For GPs: Hematuria

Hematuria workup

Up to 10% of patients with hematuria (13.2% macroscopic and 3.1% with microscopic hematuria) have a urinary tract malignancy. Therefore, patients with gross hematuria and patients with asymptomatic microscopic hematuria in whom a benign cause has been excluded need further evaluation. I use a risk-stratified approach to haematuria workup as advocated by the AUA guidelines.

Useful tips in the hematuria evaluation

  • Microhematuria is defined as ≥3 red blood cells per high-power field on microscopic evaluation of a single, properly collected urine specimen
  • Urine dipstick is not sufficient for detection of microscopic hematuria and urinalysis and culture should be performed.
  • Patients on anticoagulation therapy or antiplatelet therapy with microscopic or microscopic hematuria should have a haematuria evaluation similar to those not on these therapies
  • If a benign cause of hematuria is identified for the hematuria, repeat urinalysis should be performed after treatment or resolution of hematuria

My suggested workup

  • Urinalysis and urine microscopy – Also look for proteinuria or casts which could be a nephrologic cause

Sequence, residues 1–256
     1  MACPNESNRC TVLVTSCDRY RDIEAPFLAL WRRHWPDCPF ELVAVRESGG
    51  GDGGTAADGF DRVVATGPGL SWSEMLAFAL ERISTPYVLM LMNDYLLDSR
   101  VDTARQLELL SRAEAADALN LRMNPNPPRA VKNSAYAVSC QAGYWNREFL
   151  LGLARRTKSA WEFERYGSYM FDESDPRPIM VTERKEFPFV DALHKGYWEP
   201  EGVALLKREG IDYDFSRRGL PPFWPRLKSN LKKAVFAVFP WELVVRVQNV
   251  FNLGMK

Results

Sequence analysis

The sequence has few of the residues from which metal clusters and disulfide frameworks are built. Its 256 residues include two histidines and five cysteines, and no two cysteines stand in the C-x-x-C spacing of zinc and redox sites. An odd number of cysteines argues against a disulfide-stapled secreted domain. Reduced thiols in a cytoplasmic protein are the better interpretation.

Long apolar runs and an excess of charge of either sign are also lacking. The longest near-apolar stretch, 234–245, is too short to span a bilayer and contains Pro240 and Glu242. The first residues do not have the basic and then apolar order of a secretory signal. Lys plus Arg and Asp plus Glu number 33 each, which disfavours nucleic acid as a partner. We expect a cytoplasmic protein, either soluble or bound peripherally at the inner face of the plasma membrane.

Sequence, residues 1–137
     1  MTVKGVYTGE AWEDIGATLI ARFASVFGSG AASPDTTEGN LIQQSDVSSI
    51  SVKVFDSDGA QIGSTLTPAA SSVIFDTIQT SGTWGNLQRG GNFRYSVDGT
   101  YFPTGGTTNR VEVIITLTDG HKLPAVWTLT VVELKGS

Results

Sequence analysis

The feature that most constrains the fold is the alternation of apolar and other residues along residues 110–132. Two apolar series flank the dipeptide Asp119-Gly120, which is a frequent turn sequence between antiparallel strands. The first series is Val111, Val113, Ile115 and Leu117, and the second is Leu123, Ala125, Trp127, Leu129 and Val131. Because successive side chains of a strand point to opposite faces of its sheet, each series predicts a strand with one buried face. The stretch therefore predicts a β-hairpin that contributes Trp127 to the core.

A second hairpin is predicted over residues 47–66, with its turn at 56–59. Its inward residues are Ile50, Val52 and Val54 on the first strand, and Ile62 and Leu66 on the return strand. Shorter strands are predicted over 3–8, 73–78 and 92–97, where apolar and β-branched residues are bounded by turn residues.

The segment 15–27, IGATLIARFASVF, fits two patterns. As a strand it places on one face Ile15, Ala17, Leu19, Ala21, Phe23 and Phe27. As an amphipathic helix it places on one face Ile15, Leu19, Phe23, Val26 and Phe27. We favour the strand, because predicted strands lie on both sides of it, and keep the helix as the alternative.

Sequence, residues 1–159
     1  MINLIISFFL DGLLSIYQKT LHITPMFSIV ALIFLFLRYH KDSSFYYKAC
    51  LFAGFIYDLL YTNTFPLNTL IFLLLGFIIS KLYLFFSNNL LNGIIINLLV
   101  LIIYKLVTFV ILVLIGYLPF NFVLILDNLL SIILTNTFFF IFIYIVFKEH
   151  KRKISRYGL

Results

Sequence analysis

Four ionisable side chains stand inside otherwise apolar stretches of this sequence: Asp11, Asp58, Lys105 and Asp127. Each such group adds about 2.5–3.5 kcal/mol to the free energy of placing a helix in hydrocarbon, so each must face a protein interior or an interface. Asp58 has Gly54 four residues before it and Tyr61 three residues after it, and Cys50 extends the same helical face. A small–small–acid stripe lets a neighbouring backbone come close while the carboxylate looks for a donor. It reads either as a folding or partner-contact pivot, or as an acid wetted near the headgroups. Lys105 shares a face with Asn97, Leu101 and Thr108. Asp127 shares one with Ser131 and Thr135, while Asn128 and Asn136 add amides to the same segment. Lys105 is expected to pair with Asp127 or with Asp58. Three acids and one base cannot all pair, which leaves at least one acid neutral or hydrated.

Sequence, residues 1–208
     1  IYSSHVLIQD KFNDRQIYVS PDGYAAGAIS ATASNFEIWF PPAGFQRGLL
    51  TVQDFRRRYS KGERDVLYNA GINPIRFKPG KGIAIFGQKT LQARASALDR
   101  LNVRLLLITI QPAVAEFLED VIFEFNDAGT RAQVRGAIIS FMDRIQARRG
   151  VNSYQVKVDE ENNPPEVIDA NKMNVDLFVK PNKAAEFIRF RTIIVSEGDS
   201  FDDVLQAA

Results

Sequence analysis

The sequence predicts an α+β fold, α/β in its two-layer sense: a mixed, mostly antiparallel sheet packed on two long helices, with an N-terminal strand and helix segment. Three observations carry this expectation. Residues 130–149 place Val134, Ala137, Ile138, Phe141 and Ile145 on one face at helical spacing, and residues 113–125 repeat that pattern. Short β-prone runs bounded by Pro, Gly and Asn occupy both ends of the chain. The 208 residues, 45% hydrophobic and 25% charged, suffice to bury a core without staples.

• Renal function tests
  • Urine cytology x3
  • Imaging (risk-stratified)
    • Low risk – Consider USS
      (Males <40yrs, Females <50s, Never smoker, microhematuria in one UA, No risk factors for urothelial cancer such as occupational exposure industrial chemical or textile dyes, Family history of urothelial cancer or Lynch syndrome, chemotherapy agents such as cyclophosphamide or isfophosphamide chemotherapy or long term catheters, stents etc.)
    • Others – consider CT IVP (with delayed phase) if normal renal function. If not USS will suffice.
  • Referral to a urologist for cystoscopy

For GPs: Renal Colic

Renal colic

Renal colic is common and most stones of 5mm or less are likely to pass with conservative management.

Suggested workup

  • Non-contrast CT KUB. Although USS can be used to assess ureteric stones, the optimal imaging for renal colic is a CTKUB (non-pregnant patients) and provide detailed anatomy and accurately assess the stone size and site.
  • X-Ray KUB. Performing an X-Ray KUB with a CTKUB for a known stone can help surveil the stone with Xray KUB rather than repeat CTs in Calcium based stones(to reduce radiation exposure) and also help determine if stones are composed of uric acid (not visualized on X-Ray KUB), where dissolution therapy can be used.
  • Creatinine and renal function check
  • MSU
  • Emergencies associated with ureteric stones are fevers or urinary tract infections in the presence of a ureteric stone, solitary kidney with a stone, or bilateral ureteric stones. These patients need urgent evaluation and intervention and refer to the ED for urgent medical care.

Stone prevention

  • One of the essential aspects of stone management is the prevention of further development of renal stones. Studies have demonstrated that 25-50% of patients will develop a recurrent stone at 5 years